y free to march upon Louisville before re-enforcements could reach Buell. With this view General Kirby Smith, with all the troops that could be spared-ill clad, badly equipped, and with no commissar gunboats, and her warehouses bursting with commissary and ordnance stores. When the news of Smith's triumphant march to the very gates of Cincinnati reached Richmond, it was universally believedrn troops from before Cincinnati; and that all action of Bragg's forces would be postponed until Smith's junction with him. Intense anxiety reigned at the Capital, enlivened only by the fitful re on the 17th of September, but it was not until the 4th of the next month that the junction with Smith was effected at Frankfort. Then followed a Federal advance upon that town, which proved a mere he war. Disastrous as it was in result, it fixed more firmly than ever the high reputation of Kirby Smith; it wreathed the names of Buckner, Hardee, Cheatham and Adams with fresh bays; and it gave to
een and unheard, yet felt by that morbid prescience which comes in the supreme crises of life. The trans-Mississippi was now absolutely cut off from participation in the action of the eastern Confederacy; almost equally so from communication with it. Still that section held its own, in the warfare peculiar to her people and their situation. Quick concentrations; sharp, bloody fights-skirmishes in extent, but battles in exhibition of pluck and endurance — were of constant occurrence. Kirby Smith --become almost a dictator through failure of communicationadministered his department with skill, judgment and moderation. Husbanding his internal resources, he even established — in the few accessible ports, defiant of blockade — a system of foreign supply; and Kirby Smithdom --as it came to be called-was, at this time, the best provisioned and prepared of the torn and stricken sections of the Confederacy. Note has been made of the improvement of Federal cavalry; and of their raids<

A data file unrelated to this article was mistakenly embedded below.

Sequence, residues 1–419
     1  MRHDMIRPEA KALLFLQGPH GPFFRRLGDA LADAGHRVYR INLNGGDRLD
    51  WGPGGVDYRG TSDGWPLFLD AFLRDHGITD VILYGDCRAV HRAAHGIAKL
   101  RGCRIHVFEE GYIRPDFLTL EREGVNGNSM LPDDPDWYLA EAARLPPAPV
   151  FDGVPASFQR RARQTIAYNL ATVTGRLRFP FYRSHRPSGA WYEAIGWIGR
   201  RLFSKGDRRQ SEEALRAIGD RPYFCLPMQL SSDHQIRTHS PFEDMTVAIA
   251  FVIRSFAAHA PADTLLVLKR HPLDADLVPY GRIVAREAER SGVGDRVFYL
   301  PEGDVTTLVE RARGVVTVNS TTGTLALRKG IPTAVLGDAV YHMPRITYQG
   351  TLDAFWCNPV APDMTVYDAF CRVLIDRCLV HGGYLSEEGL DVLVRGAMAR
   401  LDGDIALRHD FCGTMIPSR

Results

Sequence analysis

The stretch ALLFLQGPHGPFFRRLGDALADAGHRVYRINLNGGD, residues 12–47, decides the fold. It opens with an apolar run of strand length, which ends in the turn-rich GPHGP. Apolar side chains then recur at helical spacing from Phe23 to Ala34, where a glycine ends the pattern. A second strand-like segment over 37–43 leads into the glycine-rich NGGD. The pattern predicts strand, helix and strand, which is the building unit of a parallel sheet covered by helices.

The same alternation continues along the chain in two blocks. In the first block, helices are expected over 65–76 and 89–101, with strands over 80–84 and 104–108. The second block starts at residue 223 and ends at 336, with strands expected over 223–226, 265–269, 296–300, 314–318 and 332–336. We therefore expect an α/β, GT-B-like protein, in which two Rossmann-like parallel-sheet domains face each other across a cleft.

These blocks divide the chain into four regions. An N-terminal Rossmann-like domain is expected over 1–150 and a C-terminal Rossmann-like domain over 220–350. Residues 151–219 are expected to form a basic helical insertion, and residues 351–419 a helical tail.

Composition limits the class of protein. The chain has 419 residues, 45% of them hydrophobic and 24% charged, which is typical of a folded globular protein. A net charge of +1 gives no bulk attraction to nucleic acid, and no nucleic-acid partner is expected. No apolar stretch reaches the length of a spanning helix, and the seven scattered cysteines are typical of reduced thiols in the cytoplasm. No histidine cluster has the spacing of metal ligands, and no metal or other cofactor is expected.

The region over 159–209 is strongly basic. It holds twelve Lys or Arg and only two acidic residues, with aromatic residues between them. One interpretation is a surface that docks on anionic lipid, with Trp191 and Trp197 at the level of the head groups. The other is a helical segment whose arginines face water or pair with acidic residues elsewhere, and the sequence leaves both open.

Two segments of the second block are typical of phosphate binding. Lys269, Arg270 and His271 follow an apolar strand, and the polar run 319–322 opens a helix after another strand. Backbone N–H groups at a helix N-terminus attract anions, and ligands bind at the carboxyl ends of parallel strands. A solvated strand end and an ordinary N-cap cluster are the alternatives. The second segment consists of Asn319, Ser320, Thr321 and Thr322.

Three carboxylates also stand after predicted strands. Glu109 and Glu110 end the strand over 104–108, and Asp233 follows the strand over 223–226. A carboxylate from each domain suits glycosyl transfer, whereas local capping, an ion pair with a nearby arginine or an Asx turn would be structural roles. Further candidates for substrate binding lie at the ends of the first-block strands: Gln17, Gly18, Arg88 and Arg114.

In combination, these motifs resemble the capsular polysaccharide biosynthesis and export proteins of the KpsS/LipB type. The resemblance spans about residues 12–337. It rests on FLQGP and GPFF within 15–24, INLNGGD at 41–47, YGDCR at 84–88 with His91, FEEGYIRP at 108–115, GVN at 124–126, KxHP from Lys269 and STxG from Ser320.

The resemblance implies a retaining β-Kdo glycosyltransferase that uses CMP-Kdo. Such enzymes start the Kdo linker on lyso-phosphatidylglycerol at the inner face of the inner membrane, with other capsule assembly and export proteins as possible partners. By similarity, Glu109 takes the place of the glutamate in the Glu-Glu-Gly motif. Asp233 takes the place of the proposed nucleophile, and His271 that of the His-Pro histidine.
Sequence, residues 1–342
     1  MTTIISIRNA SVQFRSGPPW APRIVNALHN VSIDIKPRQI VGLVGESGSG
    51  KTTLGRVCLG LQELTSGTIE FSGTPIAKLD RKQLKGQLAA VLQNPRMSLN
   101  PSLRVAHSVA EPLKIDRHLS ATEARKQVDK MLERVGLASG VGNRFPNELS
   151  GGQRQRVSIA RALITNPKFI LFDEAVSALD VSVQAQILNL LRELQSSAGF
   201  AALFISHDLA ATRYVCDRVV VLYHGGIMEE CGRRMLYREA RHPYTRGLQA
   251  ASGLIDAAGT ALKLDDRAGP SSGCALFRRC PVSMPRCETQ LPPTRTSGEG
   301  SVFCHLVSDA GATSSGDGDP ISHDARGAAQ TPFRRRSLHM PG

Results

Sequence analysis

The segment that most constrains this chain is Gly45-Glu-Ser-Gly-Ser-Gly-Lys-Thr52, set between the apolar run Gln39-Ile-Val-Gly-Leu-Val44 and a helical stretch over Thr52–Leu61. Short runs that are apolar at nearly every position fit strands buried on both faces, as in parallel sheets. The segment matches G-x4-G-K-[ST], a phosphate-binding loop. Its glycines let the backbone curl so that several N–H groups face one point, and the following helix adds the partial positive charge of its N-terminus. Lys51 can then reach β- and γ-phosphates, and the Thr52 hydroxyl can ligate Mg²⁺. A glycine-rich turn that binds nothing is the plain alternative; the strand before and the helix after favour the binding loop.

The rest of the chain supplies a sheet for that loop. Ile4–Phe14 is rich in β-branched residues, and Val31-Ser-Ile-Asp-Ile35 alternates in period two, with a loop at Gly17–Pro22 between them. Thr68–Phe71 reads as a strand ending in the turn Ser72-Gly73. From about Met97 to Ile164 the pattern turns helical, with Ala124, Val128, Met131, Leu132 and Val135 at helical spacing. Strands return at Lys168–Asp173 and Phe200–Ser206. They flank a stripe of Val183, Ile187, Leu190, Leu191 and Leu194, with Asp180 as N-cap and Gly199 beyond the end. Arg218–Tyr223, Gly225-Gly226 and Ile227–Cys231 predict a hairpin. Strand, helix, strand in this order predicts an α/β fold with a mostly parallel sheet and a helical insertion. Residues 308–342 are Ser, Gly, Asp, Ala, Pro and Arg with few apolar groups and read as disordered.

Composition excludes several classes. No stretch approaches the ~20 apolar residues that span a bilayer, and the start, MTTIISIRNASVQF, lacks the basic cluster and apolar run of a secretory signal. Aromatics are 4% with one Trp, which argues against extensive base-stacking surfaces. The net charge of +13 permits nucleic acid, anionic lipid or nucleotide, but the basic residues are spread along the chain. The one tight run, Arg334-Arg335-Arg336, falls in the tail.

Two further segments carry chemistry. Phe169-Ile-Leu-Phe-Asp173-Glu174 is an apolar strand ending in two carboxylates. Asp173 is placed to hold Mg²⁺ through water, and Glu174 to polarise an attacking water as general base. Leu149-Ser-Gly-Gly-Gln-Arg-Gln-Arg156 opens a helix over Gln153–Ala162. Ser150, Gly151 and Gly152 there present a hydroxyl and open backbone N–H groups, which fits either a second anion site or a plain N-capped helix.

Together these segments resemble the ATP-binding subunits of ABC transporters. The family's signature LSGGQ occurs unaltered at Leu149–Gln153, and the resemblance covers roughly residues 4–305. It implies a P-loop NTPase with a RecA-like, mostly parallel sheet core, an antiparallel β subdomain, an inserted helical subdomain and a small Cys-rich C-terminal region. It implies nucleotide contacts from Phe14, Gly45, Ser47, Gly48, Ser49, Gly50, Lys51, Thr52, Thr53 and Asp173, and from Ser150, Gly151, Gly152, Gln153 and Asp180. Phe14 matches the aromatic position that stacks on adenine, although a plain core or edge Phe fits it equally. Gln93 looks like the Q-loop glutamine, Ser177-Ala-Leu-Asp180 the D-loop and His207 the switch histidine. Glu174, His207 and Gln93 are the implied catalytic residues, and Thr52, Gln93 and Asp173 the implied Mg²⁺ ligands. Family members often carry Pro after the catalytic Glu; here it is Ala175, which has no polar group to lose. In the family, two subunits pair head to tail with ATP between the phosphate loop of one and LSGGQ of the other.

0 infantry, and corresponding cavalry and artillery, marched out of Vicksburg; to penetrate to Mobile, or some other point more accessible, on the line of the proposed new base. Simultaneously a heavy force approached the city from New Orleans; Smith and Grierson, with a strong body of cavalry, penetrated Northern Mississippi; and Thomas made his demonstration referred to. Any candid critic will see that four converging columns, to be effective, should never have operated so far away from retarded his stronger adversary, that he saved all the rolling-stock of the railroads. When he evacuated Meridian, that lately busy railroad center was left a worthless prize to the captor. Meantime Forrest had harassed the cavalry force of Smith and Grierson, with not one-fourth their numbers; badly provided and badly mounted. Yet he managed to inflict heavy loss and retard the enemy's march; but finally-unable to wait the junction of S. D. Lee, to give the battle he felt essential-Forr